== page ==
What are the qualities that you admire in Beena?
I like her simplicity and she is a very good mother. As an administrator, she makes decisions quickly and ensures that it is implemented. She is also good at negotiations and has the ability to take the team along with her. Lastly, she is very sensitive to the problems faced by the downtrodden.

How difficult is this Ernakulam assignment, as compared to Thrissur? I don’t think it is going to be difficult at all. She has lots of experience. Generally, when somebody is posted at Ernakulam, it is a first-time experience. But Beena has already been a collector of Thrissur, and has handled various responsibilities in other districts. Whereever she has gone, she has done wonders.

Is there any advice you would give her?
We never give advice to each other. We discuss matters in a constructive way. And then we make suggestions to each other.

(Permission to reproduce this article has to be obtained from The New Indian Express, Kochi)

Sunday, May 04, 2008

Old is gold!

Veteran athlete, Rajam Gopi, winner of 80 national medals, wants to get better, while she goes about her job as a sweeper in Kochi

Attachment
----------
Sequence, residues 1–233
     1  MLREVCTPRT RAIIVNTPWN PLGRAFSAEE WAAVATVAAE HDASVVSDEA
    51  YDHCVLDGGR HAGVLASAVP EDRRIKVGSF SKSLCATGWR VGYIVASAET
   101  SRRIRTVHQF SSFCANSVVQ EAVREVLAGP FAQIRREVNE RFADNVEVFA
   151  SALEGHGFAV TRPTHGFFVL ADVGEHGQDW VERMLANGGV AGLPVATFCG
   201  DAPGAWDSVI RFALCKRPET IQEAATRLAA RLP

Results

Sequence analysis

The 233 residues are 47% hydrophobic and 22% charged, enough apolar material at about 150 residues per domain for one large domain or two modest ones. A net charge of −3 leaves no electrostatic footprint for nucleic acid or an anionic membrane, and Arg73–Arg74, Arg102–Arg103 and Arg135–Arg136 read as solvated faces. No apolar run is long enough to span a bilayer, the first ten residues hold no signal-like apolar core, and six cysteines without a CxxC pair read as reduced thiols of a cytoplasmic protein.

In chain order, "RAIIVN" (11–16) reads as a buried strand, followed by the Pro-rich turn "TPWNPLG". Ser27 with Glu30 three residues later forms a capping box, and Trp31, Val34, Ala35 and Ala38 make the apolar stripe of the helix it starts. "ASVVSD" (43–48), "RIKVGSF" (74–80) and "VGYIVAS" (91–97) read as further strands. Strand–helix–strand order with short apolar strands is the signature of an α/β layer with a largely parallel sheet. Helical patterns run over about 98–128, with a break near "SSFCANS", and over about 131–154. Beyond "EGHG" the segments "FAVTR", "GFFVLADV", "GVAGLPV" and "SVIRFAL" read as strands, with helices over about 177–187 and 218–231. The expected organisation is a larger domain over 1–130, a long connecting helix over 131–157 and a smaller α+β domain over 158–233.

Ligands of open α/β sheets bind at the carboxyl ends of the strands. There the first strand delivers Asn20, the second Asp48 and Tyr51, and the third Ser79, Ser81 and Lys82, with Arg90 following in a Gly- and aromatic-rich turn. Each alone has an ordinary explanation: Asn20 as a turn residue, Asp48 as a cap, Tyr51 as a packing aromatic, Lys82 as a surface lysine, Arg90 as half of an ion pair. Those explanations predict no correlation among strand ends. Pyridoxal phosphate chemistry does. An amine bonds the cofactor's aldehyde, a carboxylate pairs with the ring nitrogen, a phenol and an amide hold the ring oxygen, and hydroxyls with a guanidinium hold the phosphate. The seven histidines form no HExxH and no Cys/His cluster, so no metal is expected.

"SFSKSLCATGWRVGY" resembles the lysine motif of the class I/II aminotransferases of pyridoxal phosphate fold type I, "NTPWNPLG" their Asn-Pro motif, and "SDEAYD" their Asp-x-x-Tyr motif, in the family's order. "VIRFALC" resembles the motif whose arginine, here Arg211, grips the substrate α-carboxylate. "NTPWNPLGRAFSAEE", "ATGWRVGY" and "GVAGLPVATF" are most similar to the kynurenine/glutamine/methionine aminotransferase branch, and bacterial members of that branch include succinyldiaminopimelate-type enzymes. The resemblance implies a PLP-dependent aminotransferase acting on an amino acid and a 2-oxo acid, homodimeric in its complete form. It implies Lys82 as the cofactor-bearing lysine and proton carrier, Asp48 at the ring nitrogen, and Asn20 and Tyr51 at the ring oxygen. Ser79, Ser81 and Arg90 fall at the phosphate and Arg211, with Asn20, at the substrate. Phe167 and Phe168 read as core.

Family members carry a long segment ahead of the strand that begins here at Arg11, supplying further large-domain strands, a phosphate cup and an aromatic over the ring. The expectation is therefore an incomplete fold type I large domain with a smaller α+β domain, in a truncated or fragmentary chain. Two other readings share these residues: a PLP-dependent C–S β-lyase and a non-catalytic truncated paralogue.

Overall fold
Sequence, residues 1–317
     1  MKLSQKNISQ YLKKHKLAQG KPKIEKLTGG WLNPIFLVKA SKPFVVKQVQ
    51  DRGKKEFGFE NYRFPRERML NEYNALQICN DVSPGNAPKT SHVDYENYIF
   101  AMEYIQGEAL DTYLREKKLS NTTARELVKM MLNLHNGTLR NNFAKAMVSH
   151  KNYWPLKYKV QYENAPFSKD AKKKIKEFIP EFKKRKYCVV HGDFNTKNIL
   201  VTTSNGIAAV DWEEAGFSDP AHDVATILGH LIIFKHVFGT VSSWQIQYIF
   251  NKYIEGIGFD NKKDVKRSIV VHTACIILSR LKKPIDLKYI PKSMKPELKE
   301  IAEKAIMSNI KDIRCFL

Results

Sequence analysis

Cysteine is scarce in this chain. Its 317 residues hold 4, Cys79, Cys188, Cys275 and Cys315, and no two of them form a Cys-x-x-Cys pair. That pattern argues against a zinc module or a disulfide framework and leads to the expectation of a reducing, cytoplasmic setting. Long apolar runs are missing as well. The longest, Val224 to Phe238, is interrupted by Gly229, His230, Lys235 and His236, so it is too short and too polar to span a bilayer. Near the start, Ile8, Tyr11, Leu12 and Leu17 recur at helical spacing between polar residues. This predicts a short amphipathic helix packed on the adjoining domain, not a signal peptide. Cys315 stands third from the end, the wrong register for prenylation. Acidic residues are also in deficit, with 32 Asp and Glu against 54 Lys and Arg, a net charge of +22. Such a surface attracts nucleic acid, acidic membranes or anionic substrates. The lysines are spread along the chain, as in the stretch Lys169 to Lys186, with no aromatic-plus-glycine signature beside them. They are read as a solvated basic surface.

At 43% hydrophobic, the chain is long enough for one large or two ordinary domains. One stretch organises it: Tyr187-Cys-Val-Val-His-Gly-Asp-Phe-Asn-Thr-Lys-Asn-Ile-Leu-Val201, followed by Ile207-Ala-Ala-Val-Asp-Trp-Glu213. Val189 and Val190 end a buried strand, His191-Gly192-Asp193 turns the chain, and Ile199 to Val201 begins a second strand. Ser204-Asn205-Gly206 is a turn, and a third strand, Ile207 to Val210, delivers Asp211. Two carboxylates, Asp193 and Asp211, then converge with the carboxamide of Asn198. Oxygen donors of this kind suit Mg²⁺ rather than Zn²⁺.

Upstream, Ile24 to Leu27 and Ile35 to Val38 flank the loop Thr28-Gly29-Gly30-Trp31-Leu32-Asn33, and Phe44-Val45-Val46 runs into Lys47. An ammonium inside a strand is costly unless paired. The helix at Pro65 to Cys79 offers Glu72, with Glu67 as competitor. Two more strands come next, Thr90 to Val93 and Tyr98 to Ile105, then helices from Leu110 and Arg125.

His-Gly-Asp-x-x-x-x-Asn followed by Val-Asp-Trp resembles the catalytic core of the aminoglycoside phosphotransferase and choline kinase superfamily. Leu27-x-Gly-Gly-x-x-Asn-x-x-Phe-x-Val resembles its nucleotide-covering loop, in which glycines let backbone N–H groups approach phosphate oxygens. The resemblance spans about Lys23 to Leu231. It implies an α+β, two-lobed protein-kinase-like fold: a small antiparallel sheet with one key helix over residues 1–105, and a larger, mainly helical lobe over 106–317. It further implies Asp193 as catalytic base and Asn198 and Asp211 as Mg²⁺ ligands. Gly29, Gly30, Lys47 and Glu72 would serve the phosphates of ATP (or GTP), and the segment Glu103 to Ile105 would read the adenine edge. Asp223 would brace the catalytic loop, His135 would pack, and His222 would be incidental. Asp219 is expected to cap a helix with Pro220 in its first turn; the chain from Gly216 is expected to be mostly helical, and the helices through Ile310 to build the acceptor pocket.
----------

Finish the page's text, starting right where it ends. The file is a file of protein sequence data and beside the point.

By Shevlin Sebastian

On an April evening, as the rain falls in torrents, accompanied by gusts of wind and flashes of lightning, M.N. Rajam Gopi, 50, stares wistfully at the puddles forming on the synthetic track at the Maharaja’s College ground at Kochi.

“I feel restless if I don’t do my daily runs,” she says. Standing next to her is training partner, T.C. Sasi, 50, a 1500m runner. Both are wearing tracksuits and sneakers.

In the gallery filled with noisy teenagers who are kicking a plastic bottle cap to each other, and chattering youths in orange and black football jerseys, none of them is aware that Rajam is a champion veteran athlete.